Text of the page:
Finland’s prime minister Jyrki Katainen is standing firm. As he arrived in Brussels on Thursday the 41-year-old centre-right leader made it clear Europe had to maintain the tough austerity course if it wanted to survive.
In a thinly veiled jibe at Nobel prize-winning economist Paul Krugman, who criticised the pro-austerity policies set by the European Commission’s economic chief and fellow Finn Olli Rehn, Katainen said that the debate around austerity versus growth might have academic value, but it has little value for common people.
“There are no shortcuts to creating new jobs and growth in a sustainable manner. Structural reforms might not bear fruit overnight, but are the best sustainable economic stimulus. Accumulating excessive debt is not,” said Katainen.
He added: “The future of our common currency can be guaranteed only if each member state keeps its fiscal house in order and takes the jointly agreed rules seriously.”
After the jump, you can find the Finnish leader’s full remarks: Read more
Finland's Jyrki Katainen, right, with Cameron during a visit to Downing Street last year.
In the run up to Friday’s big speech by British prime minster David Cameron on his country’s future in the EU, some of the loudest voices of concern have come from the UK’s closest allies, including Washington, Dublin and Warsaw.
In a meeting with a small group of reporters today in Brussels, Jyrki Katainen, the Finnish prime minister, added his voice to that list, saying that he cannot see what kind of competences Cameron could pull back from the EU.
“Being a member of the EU, and especially in the single market, you cannot kind of pick the raisins out of the bun,” said Mr Katainen, whose National Coalition party is closely aligned with British Conservatives on most major policy issues. “It’s very difficult to say what would be the competences that could be repatriated.”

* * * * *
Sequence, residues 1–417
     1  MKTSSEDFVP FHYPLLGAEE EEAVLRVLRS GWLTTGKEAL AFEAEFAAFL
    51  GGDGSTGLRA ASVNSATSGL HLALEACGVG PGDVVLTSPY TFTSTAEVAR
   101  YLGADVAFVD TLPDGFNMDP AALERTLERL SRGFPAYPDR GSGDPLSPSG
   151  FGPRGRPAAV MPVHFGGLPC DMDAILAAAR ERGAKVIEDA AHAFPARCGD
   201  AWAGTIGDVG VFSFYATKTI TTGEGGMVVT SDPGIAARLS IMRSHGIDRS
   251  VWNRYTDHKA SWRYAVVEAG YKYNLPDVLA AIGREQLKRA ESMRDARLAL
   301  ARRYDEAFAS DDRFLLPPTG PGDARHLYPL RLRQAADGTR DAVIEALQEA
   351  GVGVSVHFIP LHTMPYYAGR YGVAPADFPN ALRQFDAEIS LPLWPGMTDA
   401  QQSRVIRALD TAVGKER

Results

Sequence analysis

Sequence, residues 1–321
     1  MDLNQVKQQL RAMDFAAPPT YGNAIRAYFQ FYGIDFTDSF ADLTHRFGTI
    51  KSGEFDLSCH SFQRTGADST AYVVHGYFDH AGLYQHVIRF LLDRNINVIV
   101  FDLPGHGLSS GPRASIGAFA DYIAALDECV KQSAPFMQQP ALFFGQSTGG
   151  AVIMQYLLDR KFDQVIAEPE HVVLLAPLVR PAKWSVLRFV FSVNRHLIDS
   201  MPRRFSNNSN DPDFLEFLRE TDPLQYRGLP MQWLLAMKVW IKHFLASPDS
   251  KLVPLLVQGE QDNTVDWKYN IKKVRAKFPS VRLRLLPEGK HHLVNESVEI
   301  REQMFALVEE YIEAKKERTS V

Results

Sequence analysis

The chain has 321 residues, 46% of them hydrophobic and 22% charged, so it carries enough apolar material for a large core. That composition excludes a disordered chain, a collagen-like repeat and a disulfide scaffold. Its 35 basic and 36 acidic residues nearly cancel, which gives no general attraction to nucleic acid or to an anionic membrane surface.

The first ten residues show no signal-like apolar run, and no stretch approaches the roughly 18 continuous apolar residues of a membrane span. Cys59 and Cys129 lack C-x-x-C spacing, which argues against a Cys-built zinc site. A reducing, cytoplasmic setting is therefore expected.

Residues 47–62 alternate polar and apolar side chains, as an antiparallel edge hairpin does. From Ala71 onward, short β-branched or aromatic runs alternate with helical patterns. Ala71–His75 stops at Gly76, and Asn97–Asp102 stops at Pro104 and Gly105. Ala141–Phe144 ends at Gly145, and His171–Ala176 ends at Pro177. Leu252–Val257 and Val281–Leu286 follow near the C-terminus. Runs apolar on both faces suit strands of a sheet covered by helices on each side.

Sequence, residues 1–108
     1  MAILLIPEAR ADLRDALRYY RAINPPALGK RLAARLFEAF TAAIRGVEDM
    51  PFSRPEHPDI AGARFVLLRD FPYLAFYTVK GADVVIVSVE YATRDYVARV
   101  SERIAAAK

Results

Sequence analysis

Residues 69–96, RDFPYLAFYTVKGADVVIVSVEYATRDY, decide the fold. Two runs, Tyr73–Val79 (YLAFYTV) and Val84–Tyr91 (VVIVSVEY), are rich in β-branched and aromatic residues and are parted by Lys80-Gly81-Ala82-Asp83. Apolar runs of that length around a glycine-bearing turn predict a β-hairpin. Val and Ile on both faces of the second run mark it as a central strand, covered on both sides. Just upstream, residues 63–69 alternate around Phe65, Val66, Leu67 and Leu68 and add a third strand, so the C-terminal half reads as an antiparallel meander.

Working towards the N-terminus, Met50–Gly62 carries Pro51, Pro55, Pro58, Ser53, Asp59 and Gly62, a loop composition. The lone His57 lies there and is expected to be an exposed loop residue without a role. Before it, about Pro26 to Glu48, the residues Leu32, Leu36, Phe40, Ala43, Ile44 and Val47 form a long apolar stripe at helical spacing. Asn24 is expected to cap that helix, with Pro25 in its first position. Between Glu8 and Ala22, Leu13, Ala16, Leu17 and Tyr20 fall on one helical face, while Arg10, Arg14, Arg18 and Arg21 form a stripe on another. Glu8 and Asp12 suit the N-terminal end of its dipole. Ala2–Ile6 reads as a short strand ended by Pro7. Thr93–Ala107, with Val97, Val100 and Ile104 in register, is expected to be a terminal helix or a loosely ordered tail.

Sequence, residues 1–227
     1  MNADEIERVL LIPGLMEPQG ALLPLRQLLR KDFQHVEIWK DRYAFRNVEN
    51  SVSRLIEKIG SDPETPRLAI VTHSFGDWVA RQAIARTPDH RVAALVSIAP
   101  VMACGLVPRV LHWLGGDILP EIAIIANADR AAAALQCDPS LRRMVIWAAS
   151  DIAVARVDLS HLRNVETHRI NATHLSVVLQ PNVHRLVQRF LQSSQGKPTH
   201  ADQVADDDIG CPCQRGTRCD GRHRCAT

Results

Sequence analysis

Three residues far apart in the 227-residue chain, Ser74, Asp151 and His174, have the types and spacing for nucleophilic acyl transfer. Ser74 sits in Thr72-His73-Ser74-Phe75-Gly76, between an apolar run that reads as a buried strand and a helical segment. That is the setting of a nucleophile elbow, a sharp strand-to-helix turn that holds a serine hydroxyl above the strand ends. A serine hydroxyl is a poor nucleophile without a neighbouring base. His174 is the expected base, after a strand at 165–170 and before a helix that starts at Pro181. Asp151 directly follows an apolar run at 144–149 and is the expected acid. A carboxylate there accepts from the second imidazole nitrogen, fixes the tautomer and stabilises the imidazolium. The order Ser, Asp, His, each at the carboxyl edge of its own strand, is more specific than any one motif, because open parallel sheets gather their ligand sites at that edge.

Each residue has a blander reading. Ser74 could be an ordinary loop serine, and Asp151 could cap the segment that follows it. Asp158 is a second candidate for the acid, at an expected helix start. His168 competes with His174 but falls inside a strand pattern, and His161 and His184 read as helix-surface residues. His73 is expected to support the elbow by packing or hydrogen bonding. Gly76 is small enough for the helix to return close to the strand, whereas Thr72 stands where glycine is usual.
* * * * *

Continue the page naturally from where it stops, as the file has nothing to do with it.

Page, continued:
Katainen added: “The EU without Britain is pretty much the same as fish without chips. It’s not a meal any more.” After the jump, we’ve transcribed the Finnish leader’s full remarks. Read more
Monti, left, and Katainen at last week's meeting between the two prime ministers in Helsinki
It is axiomatic that politics make strange bedfellows, but it would be hard to find stranger bedfellows than Finland, the orneriest of the eurozone’s austere north, and Italy, the biggest debtor in its troubled south.
Even before the eurozone debt crisis put the two countries on a collision course, Helsinki and Rome had their run-ins, particularly after Parma beat out a Finnish competitor to host the European Food Safety Authority – and then-prime minister Silvio Berlusconi poured salt in the wound by suggesting EU officials would prefer Parma’s famous ham to Finnish smoked reindeer.
But are there suddenly signs of a thaw – or even an alliance? First, Berlusconi’s successor, Mario Monti, last week decided to visit Helsinki for meetings with Jyrki Katainen, Finland’s prime minister. Now, top officials from Berlusconi’s centre-right party appear to be adopting a Finnish plan to help lower Italian borrowing costs. Read more